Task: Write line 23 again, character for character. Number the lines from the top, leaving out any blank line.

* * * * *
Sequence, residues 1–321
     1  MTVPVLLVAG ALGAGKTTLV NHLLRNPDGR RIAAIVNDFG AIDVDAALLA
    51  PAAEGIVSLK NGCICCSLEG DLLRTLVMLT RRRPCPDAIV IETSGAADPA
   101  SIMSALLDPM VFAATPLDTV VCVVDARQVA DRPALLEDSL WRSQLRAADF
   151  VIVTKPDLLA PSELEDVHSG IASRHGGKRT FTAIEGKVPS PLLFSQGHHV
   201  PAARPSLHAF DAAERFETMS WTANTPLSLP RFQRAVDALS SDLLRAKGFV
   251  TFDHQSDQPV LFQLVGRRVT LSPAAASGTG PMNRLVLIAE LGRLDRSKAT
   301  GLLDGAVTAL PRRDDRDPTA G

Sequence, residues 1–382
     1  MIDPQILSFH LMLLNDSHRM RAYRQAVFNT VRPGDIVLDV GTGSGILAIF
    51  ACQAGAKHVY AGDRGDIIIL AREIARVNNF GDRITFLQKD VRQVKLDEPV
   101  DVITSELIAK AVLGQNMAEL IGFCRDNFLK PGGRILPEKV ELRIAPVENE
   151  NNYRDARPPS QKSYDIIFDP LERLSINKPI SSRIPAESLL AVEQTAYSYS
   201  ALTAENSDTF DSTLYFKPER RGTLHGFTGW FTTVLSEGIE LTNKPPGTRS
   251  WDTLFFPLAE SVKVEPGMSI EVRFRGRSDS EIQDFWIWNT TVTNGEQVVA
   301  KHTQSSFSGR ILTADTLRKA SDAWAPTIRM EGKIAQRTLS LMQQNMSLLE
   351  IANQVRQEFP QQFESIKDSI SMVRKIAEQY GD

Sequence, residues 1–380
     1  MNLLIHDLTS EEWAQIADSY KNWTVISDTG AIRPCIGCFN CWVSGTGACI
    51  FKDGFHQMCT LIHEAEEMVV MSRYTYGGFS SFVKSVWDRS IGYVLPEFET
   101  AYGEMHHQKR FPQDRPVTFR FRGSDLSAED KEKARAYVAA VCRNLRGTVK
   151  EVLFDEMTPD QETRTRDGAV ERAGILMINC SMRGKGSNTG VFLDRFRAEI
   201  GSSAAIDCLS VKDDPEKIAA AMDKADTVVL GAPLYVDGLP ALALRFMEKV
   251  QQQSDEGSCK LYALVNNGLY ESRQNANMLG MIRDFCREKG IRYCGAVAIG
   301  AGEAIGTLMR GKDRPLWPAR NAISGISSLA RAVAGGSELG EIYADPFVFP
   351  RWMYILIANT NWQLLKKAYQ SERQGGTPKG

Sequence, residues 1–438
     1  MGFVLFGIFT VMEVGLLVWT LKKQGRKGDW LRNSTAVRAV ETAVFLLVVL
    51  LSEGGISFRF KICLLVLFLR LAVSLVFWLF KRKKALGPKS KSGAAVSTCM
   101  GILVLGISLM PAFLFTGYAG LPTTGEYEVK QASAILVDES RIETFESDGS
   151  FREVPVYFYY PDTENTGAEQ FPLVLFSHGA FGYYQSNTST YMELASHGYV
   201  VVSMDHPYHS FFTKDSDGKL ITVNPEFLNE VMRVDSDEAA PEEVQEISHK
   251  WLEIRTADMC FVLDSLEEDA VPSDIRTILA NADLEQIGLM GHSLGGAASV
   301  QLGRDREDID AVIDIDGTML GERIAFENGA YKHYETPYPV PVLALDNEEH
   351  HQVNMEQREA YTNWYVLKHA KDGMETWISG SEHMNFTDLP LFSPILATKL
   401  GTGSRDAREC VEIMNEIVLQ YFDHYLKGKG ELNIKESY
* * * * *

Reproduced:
   201  GSSAAIDCLS VKDDPEKIAA AMDKADTVVL GAPLYVDGLP ALALRFMEKV